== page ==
The Sun activities in the political fights of 1895 96 and 97 resulted in one of those tragedies which means much of the small circle but of which few persons outside that circle ever here. It cost the life of The Sun city editor Charles W. Dashiell.

Mr. Dashiell was a strapping chap, about 6’2” tall and supposed himself to be as strong as an ox. In 1895 campaign he was just 38 years old, had been city editor for about 10 years, and was one of the ablest and most resourceful newspaper men of his day. He entered into the sons fights with wholehearted enthusiasm, was on the job anywhere from 12 to 18 hours a day, and never seem to tire. There was but a slight letup between the Hurst-Lowndes campaign and the Bryan free silver campaign. That was hardly well out of the way before the campaign for the election of the Republican legislature and the defeat of Gorman for the Senate began. When the campaign was getting particular yacht Mr. Dashiell and had to take to his bed. He remained indoors about three weeks and then insisted on getting out and directing the news and of The Sun’s fight against Gorman. The campaign was then in its critical stage. His physician warned him of the consequences saying he was in no shape to resume activity, and that unless he took a long rest the results may be fatal to him.

“Oh, well,” said Mr. Dashiell, “I’ll chance it. You just patch me up so that our last out these next two or three weeks and then I’ll take a long rest.”

He was patched up and lasted out the the next two or three weeks. Then he was compelled to take to his bed again. He was never able to go back to his post, and then a short time he died.

Convention Comes to Baltimore

in 1911, when there was much speculation as to the cities in which the national convention of the two great political parties would be held The Sun and strong editorial suggested that the Democratic convention be on Baltimore and urged that every effort be made to secure it. This was the first suggestion to this effect, and admit with immediate response. An organization was formed, with Robert Crane at the head, and it went to work at once. Every influence that The Sun could exert was thrown into the movement, and the organization went after the members of the national committee and lined up as many as possible for Baltimore.

St. Louis was Baltimore’s most formidable competitor and it offered a guarantee of $75,000. The national committee had said the city which would get the convention would have to provide a guaranteed fund of $100,000. Mr. Crane’s committee raised that amount. But even then some obstacles were in the way. These were removed, and the national committee finally, at a meeting in Washington, decided upon Baltimore.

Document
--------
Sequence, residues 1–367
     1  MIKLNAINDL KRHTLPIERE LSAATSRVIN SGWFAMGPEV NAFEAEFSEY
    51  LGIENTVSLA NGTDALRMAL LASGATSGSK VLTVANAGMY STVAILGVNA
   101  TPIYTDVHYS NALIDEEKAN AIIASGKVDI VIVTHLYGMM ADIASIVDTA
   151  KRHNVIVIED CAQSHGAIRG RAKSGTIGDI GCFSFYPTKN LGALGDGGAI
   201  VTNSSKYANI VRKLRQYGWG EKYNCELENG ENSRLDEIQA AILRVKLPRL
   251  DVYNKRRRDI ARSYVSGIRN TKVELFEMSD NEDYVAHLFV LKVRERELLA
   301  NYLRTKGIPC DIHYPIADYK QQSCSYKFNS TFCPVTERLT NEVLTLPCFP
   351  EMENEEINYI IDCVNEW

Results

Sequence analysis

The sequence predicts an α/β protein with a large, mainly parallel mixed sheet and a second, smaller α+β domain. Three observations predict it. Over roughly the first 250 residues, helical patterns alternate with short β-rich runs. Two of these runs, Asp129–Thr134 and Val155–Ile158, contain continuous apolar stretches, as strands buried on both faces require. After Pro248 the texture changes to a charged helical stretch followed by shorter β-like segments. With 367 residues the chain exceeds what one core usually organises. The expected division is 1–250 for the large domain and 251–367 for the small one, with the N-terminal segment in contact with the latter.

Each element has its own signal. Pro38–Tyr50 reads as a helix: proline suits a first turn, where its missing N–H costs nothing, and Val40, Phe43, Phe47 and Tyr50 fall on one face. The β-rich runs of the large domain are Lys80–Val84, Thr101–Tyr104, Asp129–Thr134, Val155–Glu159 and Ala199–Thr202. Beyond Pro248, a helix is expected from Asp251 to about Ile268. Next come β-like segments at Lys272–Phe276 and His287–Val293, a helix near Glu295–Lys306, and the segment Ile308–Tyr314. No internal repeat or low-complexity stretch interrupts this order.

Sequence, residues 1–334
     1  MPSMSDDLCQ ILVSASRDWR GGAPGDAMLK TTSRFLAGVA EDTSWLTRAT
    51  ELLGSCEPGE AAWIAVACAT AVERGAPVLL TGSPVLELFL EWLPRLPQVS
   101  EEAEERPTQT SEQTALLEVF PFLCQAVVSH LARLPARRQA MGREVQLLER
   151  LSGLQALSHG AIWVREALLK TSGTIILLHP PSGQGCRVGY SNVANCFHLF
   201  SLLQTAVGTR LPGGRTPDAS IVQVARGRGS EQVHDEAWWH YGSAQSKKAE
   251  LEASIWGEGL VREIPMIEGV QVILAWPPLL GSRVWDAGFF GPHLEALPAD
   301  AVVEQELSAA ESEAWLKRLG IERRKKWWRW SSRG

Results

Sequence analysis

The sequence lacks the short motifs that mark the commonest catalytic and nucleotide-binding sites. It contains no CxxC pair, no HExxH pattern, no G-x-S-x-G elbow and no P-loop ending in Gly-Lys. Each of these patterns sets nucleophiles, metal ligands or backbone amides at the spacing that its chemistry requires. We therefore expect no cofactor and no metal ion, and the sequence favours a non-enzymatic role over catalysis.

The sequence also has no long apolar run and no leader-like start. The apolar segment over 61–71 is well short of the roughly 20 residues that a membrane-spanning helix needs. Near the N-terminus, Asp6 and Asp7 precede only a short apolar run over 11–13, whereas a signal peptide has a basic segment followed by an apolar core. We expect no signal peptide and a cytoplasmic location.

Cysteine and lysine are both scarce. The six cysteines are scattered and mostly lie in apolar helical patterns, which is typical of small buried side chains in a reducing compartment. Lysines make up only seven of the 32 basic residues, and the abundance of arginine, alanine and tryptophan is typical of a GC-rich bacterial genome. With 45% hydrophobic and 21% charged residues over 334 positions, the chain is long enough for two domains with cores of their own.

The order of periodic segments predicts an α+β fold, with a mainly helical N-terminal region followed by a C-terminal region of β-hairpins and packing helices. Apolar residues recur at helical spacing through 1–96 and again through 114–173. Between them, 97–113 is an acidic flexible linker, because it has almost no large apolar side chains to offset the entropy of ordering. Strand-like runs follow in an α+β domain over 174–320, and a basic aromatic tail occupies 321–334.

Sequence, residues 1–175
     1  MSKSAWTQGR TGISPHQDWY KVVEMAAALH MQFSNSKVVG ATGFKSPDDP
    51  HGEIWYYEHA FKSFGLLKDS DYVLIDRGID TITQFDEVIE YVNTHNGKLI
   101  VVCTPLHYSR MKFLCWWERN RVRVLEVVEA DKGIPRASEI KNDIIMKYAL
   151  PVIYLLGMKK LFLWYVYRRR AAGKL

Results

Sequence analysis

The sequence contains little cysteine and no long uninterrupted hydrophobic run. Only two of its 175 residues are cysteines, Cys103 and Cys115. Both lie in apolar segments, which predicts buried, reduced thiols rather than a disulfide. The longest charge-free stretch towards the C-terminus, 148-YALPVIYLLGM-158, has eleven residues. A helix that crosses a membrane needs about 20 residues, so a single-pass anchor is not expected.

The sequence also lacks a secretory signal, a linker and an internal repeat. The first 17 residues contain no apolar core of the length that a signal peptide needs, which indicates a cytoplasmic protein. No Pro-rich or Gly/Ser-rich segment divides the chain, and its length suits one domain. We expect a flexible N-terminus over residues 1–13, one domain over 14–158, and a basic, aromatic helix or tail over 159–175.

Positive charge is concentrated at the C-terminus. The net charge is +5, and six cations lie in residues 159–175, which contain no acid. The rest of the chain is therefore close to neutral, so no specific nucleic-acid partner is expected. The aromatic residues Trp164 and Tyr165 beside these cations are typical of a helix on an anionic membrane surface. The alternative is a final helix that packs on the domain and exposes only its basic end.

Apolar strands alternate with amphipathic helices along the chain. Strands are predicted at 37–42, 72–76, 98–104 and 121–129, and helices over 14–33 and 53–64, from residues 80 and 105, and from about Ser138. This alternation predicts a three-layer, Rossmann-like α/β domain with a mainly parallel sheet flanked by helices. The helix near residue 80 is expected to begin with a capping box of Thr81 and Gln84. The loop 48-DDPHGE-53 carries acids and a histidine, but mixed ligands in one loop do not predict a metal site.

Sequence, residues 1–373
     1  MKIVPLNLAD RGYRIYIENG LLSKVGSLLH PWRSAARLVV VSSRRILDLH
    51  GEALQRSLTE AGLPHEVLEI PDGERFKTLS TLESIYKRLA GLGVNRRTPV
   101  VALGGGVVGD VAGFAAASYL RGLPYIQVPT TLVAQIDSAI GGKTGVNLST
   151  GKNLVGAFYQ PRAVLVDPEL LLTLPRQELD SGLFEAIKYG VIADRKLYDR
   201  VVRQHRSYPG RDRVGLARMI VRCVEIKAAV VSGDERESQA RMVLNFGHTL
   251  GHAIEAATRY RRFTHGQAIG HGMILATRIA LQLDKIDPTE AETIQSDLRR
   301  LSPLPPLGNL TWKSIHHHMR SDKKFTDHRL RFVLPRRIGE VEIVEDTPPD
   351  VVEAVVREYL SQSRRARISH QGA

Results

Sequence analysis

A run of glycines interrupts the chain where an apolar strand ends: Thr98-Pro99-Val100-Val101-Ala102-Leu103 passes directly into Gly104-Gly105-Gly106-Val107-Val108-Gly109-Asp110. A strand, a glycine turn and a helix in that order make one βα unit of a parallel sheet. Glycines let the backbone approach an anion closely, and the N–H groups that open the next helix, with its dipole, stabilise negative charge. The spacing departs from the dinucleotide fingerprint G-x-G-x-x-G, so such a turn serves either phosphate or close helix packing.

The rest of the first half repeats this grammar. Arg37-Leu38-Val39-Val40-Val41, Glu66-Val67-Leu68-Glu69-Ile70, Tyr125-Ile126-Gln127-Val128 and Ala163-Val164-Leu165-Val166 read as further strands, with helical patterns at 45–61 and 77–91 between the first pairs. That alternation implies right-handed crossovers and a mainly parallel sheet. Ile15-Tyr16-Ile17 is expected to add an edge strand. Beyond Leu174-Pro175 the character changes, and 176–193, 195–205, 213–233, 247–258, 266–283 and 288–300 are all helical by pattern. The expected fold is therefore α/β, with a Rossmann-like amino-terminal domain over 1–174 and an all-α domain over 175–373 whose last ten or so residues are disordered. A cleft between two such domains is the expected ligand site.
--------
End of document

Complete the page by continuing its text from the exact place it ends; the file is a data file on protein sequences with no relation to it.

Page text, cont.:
Supported Wilson

when the convention was held in June 1912 The Sun through its influence to the nomination of Woodrow Wilson, although champ Clark was the choice of the party managers in Maryland, who had elected a majority of the delegates. It was impartial in its accounts of convention proceedings, but editorially it strongly supported Wilson. After the convention it received a number of letters and telegrams congratulating it upon its course. Gov. Wilson telegraphed The Sun onto July this message;

“I want you to know how warmly and deeply I have appreciated the splendid support of The Sun.”

William Jennings Bryan, whom The Sun had twice opposed for the presidency, wrote;

“The Sun has shown great enterprise in reporting the Democratic convention and I think the delegates appreciate the fairness and correctness of its reports”

William F. McCombs sent this message;

“As manager of the Wilson campaign I want to thank The Sun for its loyal and enthusiastic support of Gov. Wilson. It has been one of the most effective agencies in bringing about his nominationfor the presidency. We all appreciate and feel much to The Sun for the efforts put forth in the cause of Gov. Wilson and in the cause of progressive government. It’s work cannot be overestimated.

As a newspaper The Sun has been at its best during the memorable days of the convention and those was immediately preceded it. The news was presented fully and fairly and with a degree of masterly skill was has been the subject of comment from all with whom I have talked on the subject.”

Mr. Daniels Comment

Joseph Daniels. Member of the national committee for North Carolina and chairman of the press committee of the convention and later secretary of the Navy throughout both the Wilson administration wrote The Sun as follows;

“The Baltimore Sun took the initiative in securing the Democratic national convention this year. Along with Mr. Robert Crane, chairman of the Baltimore committee, it submitted the matter to the referendum, and Baltimore nobly seconded the suggestion and heartedly responded to the call to raise the big sum of money that showed Baltimore generosity and hospitality. All that Mr. Crane and The Sun promised and more has been carried out and the visitors and delegates say, “well done Baltimore.” The reporters of the convention in the Baltimore Sun have never been surpassed by any paper in this decade. They were fresh, accurate, instinct, with life and gave a true picture of the proceedings with illuminating sidelights.